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“It was an honor to be elected as the first woman to serve as County Executive in the state of Maryland, giving me the opportunity to achieve accomplishments in the areas of social, economic, and environmental justice for all, regardless of gender or race. Now it is another great honor to be included in the Maryland Women’s Hall of Fame.”

Elizabeth “Liz” Bobo was the first woman to be elected to the office of County Executive in the state of Maryland, making Howard County the first in the state to elect a woman as its chief executive. She also served as a member of the Howard County Council for two terms and as a member of the Maryland House of Delegates representing a district of that county for 20 years. During her many years in public office, Bobo focused on social, economic, and environmental justice.

Elizabeth Gilner was born in Baltimore on December 21, 1943. Her mother, Helen, though not having completed her fourth year in high school, was, in Liz’ words, “one of the most widely read people I have ever known.” Her father, Bernard, “Barney” to her, worked as the head of the photo engraving department at the Times-Herald newspaper in Washington, D.C. He died at an early age from Parkinson’s disease.

After graduating from high school, she earned a B.A. in Literature from the University of Maryland. She attributes her choice of that major to having observed her mother’s deep love of literature. Married in the early 1960’s, she and her husband, Clifford Bobo, had two children – Christine and Clifford. When the children began elementary school, she became involved in public policy in Howard County. She returned to the University of Maryland, earning a Juris Doctor degree in 1981, and was later admitted to the Maryland Bar.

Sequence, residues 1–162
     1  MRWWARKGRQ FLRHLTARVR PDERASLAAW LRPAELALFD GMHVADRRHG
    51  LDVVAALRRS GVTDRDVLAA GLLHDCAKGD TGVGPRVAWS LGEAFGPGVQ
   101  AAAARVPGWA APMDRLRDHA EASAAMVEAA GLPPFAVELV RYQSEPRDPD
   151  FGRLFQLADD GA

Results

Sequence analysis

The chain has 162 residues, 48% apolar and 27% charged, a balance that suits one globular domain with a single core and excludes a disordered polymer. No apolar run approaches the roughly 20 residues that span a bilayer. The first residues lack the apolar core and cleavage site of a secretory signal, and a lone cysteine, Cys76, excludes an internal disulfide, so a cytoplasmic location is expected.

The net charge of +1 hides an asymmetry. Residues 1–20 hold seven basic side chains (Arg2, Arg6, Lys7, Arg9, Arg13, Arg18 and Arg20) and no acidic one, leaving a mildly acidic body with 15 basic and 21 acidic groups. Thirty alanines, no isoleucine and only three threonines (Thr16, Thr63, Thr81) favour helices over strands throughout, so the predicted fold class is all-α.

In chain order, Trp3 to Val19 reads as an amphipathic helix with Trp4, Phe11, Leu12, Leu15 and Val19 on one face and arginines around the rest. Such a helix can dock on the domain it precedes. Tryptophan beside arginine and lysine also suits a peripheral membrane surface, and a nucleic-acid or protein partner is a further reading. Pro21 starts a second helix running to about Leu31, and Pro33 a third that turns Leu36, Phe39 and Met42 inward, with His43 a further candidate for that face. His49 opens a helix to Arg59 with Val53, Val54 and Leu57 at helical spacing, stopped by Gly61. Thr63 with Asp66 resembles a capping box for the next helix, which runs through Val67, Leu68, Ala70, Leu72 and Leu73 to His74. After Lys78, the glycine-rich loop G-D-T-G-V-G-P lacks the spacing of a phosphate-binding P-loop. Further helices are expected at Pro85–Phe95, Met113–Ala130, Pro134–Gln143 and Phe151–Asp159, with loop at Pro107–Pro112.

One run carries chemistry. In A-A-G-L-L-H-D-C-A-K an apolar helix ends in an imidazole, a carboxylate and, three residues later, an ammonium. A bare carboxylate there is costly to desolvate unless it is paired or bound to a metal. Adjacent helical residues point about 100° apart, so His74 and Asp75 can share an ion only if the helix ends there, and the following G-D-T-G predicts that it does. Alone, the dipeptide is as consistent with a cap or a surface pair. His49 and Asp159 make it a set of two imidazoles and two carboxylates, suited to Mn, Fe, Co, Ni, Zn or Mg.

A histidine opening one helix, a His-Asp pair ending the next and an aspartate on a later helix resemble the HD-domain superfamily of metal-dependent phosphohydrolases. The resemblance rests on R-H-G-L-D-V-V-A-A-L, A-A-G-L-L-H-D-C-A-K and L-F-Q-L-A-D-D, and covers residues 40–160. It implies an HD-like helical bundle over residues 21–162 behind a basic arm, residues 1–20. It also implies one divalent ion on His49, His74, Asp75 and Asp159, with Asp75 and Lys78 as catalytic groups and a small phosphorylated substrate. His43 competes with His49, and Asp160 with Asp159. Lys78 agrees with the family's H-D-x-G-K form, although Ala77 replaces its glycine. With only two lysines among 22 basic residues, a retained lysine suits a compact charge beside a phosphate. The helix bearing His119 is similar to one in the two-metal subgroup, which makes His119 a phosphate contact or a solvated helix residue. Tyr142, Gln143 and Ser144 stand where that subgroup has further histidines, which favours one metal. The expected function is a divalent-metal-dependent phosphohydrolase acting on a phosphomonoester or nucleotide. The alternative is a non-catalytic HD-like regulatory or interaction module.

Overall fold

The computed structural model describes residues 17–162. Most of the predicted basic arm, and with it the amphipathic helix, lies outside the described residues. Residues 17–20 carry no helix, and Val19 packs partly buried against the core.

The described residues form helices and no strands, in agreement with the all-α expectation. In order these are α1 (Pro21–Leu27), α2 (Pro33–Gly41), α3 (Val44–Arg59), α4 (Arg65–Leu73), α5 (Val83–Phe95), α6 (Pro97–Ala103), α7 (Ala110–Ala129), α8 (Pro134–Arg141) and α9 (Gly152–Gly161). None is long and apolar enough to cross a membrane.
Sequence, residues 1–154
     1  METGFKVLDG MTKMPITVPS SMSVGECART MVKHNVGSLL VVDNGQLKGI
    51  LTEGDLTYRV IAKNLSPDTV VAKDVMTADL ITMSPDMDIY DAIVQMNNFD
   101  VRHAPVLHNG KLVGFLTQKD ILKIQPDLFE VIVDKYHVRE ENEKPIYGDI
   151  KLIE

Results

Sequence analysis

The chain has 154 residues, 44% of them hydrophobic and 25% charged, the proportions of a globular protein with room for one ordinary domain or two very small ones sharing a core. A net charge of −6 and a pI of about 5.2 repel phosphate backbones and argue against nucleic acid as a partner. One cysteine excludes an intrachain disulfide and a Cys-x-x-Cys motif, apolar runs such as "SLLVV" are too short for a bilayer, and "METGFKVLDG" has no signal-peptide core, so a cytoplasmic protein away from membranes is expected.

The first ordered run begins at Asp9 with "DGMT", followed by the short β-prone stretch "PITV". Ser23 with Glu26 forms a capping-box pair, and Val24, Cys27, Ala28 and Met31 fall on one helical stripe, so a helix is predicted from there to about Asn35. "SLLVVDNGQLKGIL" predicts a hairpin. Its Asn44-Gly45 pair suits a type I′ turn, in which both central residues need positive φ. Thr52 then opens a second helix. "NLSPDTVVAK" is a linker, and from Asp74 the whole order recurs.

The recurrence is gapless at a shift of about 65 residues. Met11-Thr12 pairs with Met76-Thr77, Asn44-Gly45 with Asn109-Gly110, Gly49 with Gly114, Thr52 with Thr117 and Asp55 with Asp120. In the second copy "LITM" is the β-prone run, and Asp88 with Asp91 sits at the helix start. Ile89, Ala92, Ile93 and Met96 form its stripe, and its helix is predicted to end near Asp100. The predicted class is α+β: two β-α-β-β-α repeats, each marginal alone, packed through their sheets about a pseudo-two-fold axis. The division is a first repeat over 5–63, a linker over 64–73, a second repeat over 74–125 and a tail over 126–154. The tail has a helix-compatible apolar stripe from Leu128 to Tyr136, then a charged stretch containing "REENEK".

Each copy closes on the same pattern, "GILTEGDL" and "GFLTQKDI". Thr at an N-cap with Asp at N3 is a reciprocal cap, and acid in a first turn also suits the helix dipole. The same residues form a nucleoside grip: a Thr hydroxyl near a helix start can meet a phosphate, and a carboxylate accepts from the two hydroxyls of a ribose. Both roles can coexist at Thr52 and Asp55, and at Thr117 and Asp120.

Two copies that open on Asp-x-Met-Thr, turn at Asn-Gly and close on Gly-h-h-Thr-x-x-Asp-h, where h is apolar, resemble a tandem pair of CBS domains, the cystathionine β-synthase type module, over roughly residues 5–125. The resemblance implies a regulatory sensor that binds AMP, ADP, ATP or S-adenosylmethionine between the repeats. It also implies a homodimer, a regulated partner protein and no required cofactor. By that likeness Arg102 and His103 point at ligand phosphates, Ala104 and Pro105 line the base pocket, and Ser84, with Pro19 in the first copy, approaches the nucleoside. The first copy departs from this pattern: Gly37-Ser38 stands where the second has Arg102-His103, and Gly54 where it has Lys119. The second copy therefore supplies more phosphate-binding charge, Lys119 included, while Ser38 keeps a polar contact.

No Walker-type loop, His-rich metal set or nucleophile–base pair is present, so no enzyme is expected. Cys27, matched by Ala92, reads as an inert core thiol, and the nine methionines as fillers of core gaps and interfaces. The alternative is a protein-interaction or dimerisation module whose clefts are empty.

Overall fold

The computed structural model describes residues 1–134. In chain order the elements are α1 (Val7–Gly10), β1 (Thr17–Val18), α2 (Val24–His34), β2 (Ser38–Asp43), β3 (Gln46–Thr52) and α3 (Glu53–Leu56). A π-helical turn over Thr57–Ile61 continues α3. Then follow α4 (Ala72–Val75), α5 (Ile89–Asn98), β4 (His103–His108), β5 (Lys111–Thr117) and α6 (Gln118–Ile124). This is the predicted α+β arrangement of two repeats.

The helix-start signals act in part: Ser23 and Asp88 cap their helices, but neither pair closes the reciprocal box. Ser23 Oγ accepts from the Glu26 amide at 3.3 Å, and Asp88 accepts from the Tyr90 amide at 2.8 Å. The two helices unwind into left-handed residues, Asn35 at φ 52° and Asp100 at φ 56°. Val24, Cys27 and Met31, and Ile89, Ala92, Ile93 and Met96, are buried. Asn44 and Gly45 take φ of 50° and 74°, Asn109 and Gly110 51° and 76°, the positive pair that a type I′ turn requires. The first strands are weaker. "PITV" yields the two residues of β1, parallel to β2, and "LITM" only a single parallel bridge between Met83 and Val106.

In 1977, Bobo was appointed to fill a vacancy on the Howard County Council. She won the election for that seat the following year and served until 1986 when she was elected as the County Executive of Howard County, the first woman in Maryland to attain that office. During her tenure, the county received its first AAA bond rating and national recognition for its innovative method of preserving farmland, the installment purchase agreement, which was later adopted by numerous other counties across the nation experiencing the pressure of rapid growth and development. Her administration also initiated considerable preservation of historic sites and buildings, particularly in Historic Ellicott City along the Patapsco River Valley.

Following her service in Howard County, Governor Schaefer appointed Bobo as the Assistant Secretary for Programs in the Maryland Department of Human Resources, where she worked for several productive years. In 1993, she married Lloyd Knowles, a recognized land use planning advocate with whom she had served on the County Council years before.

When a state legislative district opened up as a result of the redistricting that followed the 1990 U.S. Census, Bobo sought public office again. In 1994, Bobo was elected to the Maryland House of Delegates, where she became a leading legislator on justice in financial regulation, representing a district comprised of mostly West Columbia. Liz Bobo has received many awards over the years for her extraordinary public service and leadership and was inducted into the Howard County Women’s Hall of Fame in 1997.

Credit: This story is from the Maryland Women’s Hall of Fame, on the Maryland State Archives website, courtesy of the Maryland Commission for Women,